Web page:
Saturday, 4 March 2017

A structural model of the retail market for illicit drugs

An interesting new paper on A Structural Model of the Retail Market for Illicit Drugs by Manolis Galenianos and Alessandro Gavazza, has appeared in the American Economic Review, March 2017, Vol. 107, No. 3: Pages 858-896.

The abstract reads,
We estimate a model of illicit drugs markets using data on purchases of crack cocaine. Buyers are searching for high-quality drugs, but they determine drugs' quality (i.e., their purity) only after consuming them. Hence, sellers can rip off first-time buyers or can offer higher-quality drugs to induce buyers to purchase from them again. In equilibrium, a distribution of qualities persists. The estimated model implies that if drugs were legalized, in which case purity could be regulated and hence observable, the average purity of drugs would increase by approximately 20 percent and the dispersion would decrease by approximately 80 percent. Moreover, increasing penalties may raise the purity and affordability of the drugs traded by increasing sellers' relative profitability of targeting loyal buyers versus first-time buyers.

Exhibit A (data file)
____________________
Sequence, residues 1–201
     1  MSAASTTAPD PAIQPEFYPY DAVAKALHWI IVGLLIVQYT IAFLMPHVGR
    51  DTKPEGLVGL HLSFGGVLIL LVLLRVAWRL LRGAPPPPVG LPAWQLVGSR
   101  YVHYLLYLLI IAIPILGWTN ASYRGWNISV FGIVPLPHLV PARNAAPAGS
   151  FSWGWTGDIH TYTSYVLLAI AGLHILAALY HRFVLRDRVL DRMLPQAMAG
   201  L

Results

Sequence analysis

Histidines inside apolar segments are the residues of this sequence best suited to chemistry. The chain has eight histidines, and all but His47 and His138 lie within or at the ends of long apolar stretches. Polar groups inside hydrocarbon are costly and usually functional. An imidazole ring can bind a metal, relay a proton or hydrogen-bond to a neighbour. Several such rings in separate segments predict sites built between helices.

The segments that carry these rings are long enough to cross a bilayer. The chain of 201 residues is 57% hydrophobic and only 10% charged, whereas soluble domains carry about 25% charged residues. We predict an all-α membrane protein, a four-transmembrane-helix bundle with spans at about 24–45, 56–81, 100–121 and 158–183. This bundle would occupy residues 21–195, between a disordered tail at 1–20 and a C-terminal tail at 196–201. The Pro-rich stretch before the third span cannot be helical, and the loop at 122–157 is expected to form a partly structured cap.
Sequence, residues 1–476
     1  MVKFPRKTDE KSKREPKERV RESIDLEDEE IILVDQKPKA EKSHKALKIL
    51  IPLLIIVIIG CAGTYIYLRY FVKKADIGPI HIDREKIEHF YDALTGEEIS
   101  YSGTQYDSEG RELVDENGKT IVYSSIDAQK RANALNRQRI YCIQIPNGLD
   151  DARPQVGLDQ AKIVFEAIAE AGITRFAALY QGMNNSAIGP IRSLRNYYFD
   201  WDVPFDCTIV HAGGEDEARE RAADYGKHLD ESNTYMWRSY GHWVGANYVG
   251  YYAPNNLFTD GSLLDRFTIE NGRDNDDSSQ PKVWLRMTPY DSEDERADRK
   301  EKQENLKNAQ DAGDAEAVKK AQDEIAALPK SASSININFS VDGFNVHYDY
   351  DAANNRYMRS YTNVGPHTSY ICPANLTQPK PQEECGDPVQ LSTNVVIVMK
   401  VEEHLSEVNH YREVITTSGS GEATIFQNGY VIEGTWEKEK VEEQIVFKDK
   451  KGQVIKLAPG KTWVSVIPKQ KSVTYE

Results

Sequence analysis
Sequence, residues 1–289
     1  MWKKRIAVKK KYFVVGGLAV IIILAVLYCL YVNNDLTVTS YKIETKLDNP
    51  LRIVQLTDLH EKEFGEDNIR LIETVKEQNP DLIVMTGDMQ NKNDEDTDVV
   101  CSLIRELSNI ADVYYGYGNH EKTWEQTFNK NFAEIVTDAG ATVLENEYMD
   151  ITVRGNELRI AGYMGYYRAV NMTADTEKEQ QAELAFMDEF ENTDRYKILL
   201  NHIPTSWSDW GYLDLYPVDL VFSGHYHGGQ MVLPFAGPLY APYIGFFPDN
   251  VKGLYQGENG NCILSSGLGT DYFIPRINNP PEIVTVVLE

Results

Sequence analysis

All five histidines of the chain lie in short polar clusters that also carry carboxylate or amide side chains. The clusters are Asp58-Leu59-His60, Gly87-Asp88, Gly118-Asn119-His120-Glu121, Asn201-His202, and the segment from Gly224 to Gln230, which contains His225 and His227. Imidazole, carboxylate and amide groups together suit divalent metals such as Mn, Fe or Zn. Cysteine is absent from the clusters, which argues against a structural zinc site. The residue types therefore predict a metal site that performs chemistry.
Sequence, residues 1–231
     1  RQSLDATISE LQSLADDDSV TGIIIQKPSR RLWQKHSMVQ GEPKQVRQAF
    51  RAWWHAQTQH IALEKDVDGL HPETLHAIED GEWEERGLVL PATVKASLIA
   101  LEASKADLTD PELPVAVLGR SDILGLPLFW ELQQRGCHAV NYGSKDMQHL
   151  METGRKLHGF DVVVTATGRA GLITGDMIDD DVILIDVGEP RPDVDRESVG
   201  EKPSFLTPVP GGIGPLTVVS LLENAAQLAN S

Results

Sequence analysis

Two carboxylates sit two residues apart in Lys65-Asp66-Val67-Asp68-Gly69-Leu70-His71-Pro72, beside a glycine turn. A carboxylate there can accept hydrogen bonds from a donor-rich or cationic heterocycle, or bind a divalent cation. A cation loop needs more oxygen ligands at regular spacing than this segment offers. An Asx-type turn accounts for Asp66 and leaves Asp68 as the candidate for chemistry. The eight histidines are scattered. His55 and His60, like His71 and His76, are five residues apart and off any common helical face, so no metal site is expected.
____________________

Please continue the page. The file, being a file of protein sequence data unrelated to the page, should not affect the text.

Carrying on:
So one advantage of legalising drugs would be an increase in the quality of drugs sold and a reduction if the range of quality in the market with low quality drugs being driven from the market due to more information on quality being available before  purchase. This has a obvious advantage when you consider the effects of low quality drugs on users.

But like with most repugnant markets people - and politicians - will react on emotion rather than evidence and so the war on drugs will continue to be fought and lost.

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